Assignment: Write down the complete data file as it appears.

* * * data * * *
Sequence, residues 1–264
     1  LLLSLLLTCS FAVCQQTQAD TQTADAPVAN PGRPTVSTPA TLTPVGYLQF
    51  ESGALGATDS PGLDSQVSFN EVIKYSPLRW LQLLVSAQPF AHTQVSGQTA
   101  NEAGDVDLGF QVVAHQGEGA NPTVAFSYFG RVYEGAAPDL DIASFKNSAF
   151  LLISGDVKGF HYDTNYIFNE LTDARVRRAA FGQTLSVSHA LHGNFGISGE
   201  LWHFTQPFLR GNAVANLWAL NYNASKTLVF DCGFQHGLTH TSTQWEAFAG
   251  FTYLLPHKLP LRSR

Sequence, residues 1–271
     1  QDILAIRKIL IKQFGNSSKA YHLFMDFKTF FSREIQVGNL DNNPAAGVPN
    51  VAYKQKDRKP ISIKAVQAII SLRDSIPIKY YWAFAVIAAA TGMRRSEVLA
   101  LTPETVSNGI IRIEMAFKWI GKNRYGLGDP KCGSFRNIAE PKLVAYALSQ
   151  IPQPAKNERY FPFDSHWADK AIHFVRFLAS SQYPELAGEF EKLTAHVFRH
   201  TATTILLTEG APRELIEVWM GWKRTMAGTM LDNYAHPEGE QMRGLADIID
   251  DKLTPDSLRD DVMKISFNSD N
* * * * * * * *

Sequence, residues 1–264
     1  LLLSLLLTCS FAVCQQTQAD TQTADAPVAN PGRPTVSTPA TLTPVGYLQF
    51  ESGALGATDS PGLDSQVSFN EVIKYSPLRW LQLLVSAQPF AHTQVSGQTA
   101  NEAGDVDLGF QVVAHQGEGA NPTVAFSYFG RVYEGAAPDL DIASFKNSAF
   151  LLISGDVKGF HYDTNYIFNE LTDARVRRAA FGQTLSVSHA LHGNFGISGE
   201  LWHFTQPFLR GNAVANLWAL NYNASKTLVF DCGFQHGLTH TSTQWEAFAG
   251  FTYLLPHKLP LRSR

Sequence, residues 1–271
     1  QDILAIRKIL IKQFGNSSKA YHLFMDFKTF FSREIQVGNL DNNPAAGVPN
    51  VAYKQKDRKP ISIKAVQAII SLRDSIPIKY YWAFAVIAAA TGMRRSEVLA
   101  LTPETVSNGI IRIEMAFKWI GKNRYGLGDP KCGSFRNIAE PKLVAYALSQ
   151  IPQPAKNERY FPFDSHWADK AIHFVRFLAS SQYPELAGEF EKLTAHVFRH
   201  TATTILLTEG APRELIEVWM GWKRTMAGTM LDNYAHPEGE QMRGLADIID
   251  DKLTPDSLRD DVMKISFNSD N